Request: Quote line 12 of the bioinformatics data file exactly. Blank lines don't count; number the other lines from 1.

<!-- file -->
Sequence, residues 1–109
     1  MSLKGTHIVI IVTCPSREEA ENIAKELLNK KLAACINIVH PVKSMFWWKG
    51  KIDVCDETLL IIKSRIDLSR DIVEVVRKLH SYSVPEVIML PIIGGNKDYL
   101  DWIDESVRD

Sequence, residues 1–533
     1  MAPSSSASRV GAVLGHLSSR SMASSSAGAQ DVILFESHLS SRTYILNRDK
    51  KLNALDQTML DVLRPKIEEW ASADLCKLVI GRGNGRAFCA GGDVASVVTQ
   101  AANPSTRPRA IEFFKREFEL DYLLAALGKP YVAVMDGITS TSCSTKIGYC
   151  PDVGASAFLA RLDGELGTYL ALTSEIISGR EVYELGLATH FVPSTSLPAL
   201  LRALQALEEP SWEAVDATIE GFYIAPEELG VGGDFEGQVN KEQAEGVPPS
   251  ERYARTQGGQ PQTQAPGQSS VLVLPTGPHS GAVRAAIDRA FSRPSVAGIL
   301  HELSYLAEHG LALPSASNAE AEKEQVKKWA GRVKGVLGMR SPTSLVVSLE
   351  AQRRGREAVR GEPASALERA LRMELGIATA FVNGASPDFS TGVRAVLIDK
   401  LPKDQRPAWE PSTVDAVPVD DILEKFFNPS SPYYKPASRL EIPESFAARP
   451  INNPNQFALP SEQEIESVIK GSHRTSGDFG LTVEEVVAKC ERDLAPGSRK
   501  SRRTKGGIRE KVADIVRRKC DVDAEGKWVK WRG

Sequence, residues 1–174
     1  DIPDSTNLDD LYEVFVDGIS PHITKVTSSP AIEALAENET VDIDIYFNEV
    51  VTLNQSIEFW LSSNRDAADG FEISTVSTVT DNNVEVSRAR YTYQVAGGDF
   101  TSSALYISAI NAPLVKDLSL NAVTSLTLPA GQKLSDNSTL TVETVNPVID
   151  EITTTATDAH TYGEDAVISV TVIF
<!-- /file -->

   301  HELSYLAEHG LALPSASNAE AEKEQVKKWA GRVKGVLGMR SPTSLVVSLE